Recent advances in biotechnologies, such as the completion of the human genome project and genetic editing, have not only raised ethical questions about their use and effects on humans, but also underscored criticisms of animal cruelty that have been central to animal studies.
Rachel Lee will lecture on this topic at 4:30 p.m., Wednesday, April 20, 2016, in West Hall room 135, as part of the "Interactions and Interchanges" lecture series (RSVP here).
Lee will consider intersections between the study of biotechnologies, animals, and the regulation of human life and death in the ream of politics. She will discuss how the focus in animal studies and bioethics on the interconnectedness of humans with other life forms parallels the study of the political regulation of human populations marked by intersecting social identities and forms of subjugation.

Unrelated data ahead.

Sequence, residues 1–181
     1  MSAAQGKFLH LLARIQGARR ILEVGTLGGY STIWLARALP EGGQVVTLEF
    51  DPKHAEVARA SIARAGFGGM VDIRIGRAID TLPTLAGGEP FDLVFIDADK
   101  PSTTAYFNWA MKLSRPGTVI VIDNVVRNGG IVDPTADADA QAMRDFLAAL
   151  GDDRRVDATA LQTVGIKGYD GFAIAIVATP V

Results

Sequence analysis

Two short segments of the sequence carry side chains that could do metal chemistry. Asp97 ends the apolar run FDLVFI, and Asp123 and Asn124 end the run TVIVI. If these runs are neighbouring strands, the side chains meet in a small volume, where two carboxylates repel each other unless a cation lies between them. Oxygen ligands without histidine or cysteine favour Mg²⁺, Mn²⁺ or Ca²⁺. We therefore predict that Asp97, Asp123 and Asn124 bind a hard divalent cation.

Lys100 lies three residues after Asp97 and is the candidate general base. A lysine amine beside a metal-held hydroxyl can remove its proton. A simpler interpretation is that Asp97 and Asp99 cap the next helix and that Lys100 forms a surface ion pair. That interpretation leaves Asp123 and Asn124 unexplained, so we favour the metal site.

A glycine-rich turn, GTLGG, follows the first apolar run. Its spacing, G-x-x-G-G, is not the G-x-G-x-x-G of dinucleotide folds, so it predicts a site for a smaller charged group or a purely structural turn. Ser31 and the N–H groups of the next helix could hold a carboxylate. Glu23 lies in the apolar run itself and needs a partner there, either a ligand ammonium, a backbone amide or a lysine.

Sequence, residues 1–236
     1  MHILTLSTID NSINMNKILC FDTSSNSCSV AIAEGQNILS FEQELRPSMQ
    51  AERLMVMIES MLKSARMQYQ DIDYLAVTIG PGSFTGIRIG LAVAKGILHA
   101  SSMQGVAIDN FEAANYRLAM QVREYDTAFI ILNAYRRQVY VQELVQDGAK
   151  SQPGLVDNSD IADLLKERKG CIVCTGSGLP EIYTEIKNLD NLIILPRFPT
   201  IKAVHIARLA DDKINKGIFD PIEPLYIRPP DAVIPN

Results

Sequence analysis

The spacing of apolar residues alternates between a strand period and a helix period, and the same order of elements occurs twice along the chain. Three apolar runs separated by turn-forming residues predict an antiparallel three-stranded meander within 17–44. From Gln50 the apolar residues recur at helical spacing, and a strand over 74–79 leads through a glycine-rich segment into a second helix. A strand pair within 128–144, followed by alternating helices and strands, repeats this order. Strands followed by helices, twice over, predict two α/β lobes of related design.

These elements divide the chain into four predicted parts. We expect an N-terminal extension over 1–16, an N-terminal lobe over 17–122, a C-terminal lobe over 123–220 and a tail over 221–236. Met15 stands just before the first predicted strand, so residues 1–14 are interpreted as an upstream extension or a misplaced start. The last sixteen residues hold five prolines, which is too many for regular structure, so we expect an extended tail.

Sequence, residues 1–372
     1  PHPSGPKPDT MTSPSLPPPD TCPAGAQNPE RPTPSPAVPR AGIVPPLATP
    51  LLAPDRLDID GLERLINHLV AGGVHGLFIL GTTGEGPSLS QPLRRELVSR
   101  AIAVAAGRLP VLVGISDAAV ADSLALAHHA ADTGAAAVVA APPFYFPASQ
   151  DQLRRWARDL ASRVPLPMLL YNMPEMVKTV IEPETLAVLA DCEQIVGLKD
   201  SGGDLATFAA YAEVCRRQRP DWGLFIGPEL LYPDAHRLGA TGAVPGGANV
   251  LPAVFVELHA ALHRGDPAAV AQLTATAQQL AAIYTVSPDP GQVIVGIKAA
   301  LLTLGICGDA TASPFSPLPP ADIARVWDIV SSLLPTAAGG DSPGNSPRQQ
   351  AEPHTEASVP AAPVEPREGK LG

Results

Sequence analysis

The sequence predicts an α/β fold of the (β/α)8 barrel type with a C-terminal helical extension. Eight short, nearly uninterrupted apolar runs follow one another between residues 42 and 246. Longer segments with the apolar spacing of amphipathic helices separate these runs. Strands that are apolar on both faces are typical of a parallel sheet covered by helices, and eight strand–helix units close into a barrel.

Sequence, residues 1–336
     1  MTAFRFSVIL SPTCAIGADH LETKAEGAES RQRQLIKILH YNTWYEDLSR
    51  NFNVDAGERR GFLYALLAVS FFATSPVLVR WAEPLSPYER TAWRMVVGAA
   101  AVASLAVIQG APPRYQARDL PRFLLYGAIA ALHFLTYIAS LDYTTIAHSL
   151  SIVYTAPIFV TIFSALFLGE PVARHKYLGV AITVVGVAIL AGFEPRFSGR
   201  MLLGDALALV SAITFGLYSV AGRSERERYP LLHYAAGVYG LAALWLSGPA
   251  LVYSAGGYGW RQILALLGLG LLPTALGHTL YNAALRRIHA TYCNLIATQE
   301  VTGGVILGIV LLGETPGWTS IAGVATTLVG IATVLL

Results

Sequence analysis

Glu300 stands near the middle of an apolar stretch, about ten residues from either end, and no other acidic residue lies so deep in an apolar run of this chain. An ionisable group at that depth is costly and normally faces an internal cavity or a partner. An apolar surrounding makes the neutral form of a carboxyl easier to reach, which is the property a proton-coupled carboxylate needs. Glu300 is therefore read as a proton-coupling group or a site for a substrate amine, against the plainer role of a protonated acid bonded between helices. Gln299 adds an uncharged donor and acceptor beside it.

Rachel Lee is Professor of English and Gender Studies at the University of California, Los Angeles, Director, Center for the Study of Women, and founder of the Life (Un)Ltd project. She is the author of "The Exquisite Corpse of Asian America: Biopolitics, Biosociality and Posthuman Ecologies" (2014). Her scholarship draws on critical methods from race and ethnic studies in conjunction with theories of gender and sexuality to examine the specific interfaces and choreographies of stand-up comedy, dance, new media/digital technology, and literature, most recently as they reflect on the life sciences. She is a founding editor of the peer-reviewed online journal, Catalyst: Feminism, Theory, Technoscience.
This event is sponsored by the Centre for the Study of Religion and Conflict and the Department of English. The Interactions and Interchanges speaker series was developed in conjunction with a grant from the U.S. State Department for a project on “Globalizing Research and Teaching of American Literature,” a university partnership between Kinnaird College for Women in Lahore, Pakistan and ASU.
The Center for the Study of Religion and Conflict is an interdisciplinary research unit of the College of Liberal Arts and Sciences that examines the role of religion as a driving force in human affairs.
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